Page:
A phrase that comes up often in my coaching practice is "keeping a lot of balls in the air." Most of my clients are technology company CEOs, and most of the rest are senior leaders in similar organizations, and all of them are juggling a large number of professional and personal responsibilities. They tend to thrive in fast-paced, dynamic environments--that's why they took the job (or founded the company) in the first place, and they're not afraid to get out of their comfort zones and push themselves in order to grow.
But we all feel overwhelmed at one time or another, even people who generally love their work and work as hard as my clients do. And I know when I hear someone talking about "a lot of balls in the air," they're feeling stressed not only (or even primarily) about the difficulty of keeping all these projects aloft, but also about the possibility of dropping one and letting people down. In these situations it can be helpful to remember that not all the balls we're juggling are made out of the same material.
Some are glass. We can't drop these, because they will break. Maybe they can be put together again, but probably not, and certainly not without time, anguish, and painstaking effort. People will be hurt, our reputations will suffer, and there will be serious consequences, personal or professional.
Some are metal. We don't want to drop these, because they’ll make a lot of noise, and people will know we’ve dropped them, and we’ll be embarrassed. And they may get dented up a bit in the process, and we’ll feel guilty. People will be annoyed or disappointed, but nothing's broken.
Some are rubber. We don’t want to drop these either, but when we do we realize that they bounce. There's no damage, no noise. People may not even notice that anything's changed, and if they do, they care less than we thought they would. Our pride may be wounded, but that's the worst of it.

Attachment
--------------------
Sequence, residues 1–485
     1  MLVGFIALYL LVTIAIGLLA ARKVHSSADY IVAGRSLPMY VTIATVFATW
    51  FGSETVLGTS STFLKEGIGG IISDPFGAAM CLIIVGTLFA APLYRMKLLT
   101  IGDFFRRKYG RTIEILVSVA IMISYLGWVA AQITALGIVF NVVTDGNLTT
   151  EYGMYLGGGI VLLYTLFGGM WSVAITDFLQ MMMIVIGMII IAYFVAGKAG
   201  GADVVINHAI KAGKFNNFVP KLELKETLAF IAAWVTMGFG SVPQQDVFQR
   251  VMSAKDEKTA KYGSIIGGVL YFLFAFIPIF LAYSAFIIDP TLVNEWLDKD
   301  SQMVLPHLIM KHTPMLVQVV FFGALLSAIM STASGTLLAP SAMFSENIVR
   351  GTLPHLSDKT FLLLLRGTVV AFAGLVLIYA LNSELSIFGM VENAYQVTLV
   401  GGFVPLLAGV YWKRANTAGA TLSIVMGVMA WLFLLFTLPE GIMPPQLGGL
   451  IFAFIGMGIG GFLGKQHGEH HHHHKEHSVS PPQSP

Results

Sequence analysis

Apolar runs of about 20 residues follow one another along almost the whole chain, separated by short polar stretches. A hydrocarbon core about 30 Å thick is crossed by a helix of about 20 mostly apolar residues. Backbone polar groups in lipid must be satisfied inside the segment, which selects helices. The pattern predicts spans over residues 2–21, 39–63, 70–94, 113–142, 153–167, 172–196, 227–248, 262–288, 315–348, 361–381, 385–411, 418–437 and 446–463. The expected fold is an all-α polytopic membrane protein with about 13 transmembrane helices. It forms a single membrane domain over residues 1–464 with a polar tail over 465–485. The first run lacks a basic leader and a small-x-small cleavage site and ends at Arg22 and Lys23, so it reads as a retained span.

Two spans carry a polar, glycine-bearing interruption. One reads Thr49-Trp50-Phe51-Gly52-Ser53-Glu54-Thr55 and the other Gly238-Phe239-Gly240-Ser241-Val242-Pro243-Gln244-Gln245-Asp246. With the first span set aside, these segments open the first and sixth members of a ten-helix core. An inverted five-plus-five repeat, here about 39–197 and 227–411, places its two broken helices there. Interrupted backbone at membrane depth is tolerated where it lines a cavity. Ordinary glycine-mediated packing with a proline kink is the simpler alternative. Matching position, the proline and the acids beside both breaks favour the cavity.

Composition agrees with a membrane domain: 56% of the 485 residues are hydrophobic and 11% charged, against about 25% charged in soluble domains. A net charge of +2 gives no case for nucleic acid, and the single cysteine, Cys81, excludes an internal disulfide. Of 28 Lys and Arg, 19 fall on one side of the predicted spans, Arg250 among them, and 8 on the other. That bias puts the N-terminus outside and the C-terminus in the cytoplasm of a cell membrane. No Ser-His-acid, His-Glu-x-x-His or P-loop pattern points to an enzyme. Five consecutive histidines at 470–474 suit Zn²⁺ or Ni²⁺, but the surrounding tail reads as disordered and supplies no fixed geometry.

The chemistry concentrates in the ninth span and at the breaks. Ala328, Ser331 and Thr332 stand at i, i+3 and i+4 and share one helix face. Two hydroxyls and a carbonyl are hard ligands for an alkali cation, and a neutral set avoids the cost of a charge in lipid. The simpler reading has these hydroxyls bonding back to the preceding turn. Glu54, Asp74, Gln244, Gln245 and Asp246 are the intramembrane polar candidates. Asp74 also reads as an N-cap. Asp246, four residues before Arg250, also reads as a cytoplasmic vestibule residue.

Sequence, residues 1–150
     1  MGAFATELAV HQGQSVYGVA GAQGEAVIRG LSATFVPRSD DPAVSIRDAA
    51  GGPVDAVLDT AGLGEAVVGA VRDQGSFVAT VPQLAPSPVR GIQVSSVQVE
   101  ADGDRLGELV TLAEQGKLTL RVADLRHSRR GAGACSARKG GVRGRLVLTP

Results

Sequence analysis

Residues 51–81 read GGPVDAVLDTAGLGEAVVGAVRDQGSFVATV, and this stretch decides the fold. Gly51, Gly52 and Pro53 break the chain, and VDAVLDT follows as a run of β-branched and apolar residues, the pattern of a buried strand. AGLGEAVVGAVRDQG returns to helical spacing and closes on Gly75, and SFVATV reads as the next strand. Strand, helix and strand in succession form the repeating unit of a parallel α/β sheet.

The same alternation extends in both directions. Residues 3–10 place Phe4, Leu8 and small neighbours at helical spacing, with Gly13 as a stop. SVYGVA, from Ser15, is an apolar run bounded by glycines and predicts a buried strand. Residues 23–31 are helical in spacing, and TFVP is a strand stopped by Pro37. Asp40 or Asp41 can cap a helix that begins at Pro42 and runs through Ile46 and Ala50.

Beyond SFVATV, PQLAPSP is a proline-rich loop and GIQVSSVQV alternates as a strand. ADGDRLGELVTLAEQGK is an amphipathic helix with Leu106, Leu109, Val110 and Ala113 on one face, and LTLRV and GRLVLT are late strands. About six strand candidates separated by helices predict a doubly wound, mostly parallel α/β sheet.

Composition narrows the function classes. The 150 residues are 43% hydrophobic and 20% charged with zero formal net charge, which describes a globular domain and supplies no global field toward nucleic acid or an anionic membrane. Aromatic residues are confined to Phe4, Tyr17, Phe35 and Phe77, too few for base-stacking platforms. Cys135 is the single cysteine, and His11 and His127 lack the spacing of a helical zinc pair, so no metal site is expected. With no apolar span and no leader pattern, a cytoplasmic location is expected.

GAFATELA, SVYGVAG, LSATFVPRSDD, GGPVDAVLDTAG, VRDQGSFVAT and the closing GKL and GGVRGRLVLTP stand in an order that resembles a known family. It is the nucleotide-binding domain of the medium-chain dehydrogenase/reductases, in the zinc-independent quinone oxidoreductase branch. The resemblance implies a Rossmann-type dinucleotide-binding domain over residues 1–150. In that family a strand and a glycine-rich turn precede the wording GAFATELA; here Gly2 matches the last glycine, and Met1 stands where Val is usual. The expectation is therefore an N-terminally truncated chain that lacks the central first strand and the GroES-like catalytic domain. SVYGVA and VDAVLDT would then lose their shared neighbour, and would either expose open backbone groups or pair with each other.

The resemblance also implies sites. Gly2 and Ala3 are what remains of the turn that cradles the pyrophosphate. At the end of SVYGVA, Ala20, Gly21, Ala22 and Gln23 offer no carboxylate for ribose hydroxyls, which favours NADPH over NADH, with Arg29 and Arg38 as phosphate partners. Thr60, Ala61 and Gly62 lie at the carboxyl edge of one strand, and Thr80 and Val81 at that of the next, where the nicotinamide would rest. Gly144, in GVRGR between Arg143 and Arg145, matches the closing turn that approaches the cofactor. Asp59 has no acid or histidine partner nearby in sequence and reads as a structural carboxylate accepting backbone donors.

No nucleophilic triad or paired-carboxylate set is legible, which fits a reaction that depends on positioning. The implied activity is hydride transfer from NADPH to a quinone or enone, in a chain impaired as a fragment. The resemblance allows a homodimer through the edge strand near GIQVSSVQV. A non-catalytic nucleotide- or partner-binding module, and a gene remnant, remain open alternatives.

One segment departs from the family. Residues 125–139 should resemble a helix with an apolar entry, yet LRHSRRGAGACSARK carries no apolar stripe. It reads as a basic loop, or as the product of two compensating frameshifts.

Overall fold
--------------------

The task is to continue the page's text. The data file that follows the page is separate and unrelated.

So whenever we feel that we're juggling too much, it's important to determine what things are really made of. This often uncovers the assumption that everything is glass, and nothing can ever fall, and if anything does it will be disastrous. This is rarely true, but it can be comforting to think this way, because it prevents us from having to deal with the cringe-inducing feelings that result from dropping metal and rubber balls--the embarrassment, the guilt, the annoyance, the disappointment, the wounded pride.
But cultivating comfort with discomfort is a critically important skill for many reasons, not least because it enables us to recognize when we need to stop trying to juggle everything, let some things drop, and deal with the emotional consequences, in order to insure that no glass gets broken.
I certainly didn't come up with this metaphor, nor do I know who did, but I believe I first heard it from Joel Peterson many years ago.
Photo by Orin Zebest. Yay Flickr and Creative Commons.